Wednesday, April 29, 2009

A Walk in the Pine Forest

One hot afternoon Charlie and I went on a mission to find the transient pond that fills after rains and erupts with singing frogs. We have been fearful of exploring the pine forest adjacent to our property because of hunters. Now, we actually know the hunter and I guess being shot by a hunter you know is less disturbing and fills you with confidence to explore the unknown. We found the pond which was dry and filled with small cypress trees. We also came across many large gopher tortoises basking in the warm pine forest. The armadillos, deer, bobcats and turkeys quietly avoided us, but we know they live there too.

Monday, April 20, 2009

Southern Hognose Snake

Heterdon simus

Description: Southern hognose snakes are fairly small, heavy-bodied snakes that reach about 24 inches in length. The photo is of a juvenile found in the front yard after raking some leaves.

Range and Habitat: Southern Hognose snakes were historically found in the Coastal Plain of the eastern United States from southern North Carolina to southern Mississippi and in most parts of Florida. However, this species has declined in recent years and is now only found in scattered locations in South Carolina, North Carolina, Georgia, and Florida.

Habits: Southern hognose snakes are active strictly by day and are often seen on warm mornings in the spring and fall. They are highly fossorial (living underground) and are most often encountered crossing roads that pass through sandy habitats. When confronted, hognose snakes often put on an elaborate threat display: they hiss, spread the skin around their head and neck (like a cobra), and feign striking. Eventually, they will even play dead, rolling on their back and opening their mouth. Despite this fairly convincing show, southern hognose snakes virtually never bite.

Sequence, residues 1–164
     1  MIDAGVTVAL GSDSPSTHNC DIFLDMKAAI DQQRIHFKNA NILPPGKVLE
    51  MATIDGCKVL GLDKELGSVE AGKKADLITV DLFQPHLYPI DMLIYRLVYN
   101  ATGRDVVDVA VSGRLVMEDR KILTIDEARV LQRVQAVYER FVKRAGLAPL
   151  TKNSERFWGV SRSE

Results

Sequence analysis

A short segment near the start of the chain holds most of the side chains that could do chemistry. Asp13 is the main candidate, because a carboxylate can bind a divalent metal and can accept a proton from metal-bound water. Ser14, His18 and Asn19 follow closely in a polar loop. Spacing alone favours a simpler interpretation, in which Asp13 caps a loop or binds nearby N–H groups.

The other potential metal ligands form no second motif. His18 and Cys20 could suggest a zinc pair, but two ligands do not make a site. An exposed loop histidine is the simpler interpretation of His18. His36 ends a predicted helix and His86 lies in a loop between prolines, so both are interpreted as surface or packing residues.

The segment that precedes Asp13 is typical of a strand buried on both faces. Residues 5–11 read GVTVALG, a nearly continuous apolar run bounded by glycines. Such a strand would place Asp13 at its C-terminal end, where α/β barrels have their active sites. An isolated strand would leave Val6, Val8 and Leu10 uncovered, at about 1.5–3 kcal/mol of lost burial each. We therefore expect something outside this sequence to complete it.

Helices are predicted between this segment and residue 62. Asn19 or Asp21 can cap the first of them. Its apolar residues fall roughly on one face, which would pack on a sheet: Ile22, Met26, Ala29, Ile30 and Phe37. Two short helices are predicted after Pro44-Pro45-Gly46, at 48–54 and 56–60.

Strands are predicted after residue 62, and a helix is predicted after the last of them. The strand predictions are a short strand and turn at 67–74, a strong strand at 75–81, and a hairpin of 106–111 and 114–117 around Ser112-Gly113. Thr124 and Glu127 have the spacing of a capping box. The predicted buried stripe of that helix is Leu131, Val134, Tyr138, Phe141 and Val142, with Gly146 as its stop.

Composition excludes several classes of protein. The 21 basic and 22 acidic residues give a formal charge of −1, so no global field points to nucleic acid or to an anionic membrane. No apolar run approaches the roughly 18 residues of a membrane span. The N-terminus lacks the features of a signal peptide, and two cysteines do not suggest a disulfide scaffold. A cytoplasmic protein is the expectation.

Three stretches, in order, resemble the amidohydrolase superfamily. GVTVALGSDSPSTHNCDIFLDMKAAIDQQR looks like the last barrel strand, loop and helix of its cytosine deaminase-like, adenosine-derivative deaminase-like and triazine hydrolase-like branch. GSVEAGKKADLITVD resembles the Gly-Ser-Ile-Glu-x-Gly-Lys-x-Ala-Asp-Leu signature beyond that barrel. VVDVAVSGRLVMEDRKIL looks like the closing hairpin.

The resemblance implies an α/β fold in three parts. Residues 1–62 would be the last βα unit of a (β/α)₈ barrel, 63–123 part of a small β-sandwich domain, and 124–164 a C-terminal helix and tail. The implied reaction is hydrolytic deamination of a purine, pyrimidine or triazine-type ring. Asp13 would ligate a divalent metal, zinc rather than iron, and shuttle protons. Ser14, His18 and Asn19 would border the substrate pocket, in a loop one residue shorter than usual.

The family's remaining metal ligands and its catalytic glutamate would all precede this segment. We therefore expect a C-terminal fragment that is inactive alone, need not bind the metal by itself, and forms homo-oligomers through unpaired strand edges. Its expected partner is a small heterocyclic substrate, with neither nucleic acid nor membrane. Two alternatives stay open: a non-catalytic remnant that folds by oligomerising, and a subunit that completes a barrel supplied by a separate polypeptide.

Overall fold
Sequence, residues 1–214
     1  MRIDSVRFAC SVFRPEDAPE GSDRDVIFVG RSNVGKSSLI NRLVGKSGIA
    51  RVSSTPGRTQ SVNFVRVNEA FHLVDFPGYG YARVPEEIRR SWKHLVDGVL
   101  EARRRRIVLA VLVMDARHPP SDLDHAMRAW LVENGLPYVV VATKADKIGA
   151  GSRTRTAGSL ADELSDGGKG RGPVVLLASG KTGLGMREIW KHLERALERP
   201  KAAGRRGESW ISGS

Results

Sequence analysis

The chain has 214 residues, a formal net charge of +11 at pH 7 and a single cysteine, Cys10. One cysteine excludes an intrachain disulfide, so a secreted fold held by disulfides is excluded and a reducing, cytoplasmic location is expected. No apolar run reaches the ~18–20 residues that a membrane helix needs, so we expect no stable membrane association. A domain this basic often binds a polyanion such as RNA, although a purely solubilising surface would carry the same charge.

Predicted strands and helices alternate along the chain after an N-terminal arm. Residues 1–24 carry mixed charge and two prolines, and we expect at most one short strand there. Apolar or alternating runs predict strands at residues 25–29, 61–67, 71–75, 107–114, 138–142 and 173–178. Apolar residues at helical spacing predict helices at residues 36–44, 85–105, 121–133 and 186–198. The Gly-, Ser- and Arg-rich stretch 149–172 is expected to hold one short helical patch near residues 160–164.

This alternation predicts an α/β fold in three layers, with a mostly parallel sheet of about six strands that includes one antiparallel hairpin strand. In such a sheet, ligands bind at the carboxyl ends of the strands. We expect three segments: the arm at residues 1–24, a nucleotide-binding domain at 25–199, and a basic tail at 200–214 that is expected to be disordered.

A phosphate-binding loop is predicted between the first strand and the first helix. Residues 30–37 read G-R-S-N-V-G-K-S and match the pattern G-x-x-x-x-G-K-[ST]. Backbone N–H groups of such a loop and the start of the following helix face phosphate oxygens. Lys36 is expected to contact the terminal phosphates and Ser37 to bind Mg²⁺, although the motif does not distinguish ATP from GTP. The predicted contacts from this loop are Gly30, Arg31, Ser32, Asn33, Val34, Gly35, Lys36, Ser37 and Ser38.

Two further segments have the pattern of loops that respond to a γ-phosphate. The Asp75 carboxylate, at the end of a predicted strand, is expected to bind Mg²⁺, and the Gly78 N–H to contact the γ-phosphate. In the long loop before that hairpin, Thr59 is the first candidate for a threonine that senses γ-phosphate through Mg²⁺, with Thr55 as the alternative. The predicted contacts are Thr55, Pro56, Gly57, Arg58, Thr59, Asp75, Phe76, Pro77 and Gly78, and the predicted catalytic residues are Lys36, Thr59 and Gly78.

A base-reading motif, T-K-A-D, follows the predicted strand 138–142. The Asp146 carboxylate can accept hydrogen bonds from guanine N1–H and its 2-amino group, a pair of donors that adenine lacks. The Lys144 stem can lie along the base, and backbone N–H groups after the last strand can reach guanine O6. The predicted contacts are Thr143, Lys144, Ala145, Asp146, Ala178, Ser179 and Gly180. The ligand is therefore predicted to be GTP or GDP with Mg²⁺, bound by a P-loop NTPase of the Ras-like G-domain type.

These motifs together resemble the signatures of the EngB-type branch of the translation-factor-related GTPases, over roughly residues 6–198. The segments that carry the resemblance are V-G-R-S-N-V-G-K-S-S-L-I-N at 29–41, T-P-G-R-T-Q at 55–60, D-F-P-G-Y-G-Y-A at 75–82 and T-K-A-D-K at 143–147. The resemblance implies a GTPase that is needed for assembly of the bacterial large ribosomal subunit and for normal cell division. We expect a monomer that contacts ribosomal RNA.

Hognose snakes feed almost exclusively on toads, although they will occasionally consume other prey. They seem to be immune to poisons produced by toads, and are equipped with enlarged teeth (called rear fangs) in the back of their mouths that are used to puncture inflated toads so that they may be more easily swallowed. Female southern hognose snakes lay 6 - 14 eggs in sandy soil or logs in the early summer. The eggs hatch in late summer.

Monday, April 06, 2009

10 Things That Happened on Spring Break.

1. The Dogwoods blossomed.

2. We took a daytrip to Kanapaha Gardens in Gainesville.

3. The pear trees started to grow fruit.

4. Nothing in particular.

5. The Suwannee River started to rise (today it is flooding areas of Northern Florida.)

6. Mimosa trees were re-purposed as art.

7. We sunbathed on St.George Island.

8. Cymande stood outside abandoned buildings in Apalachicola.

9. Though the photo doesn't document this, we attended the Apalachicola Arts Festival.

10. We considered and ate oysters.
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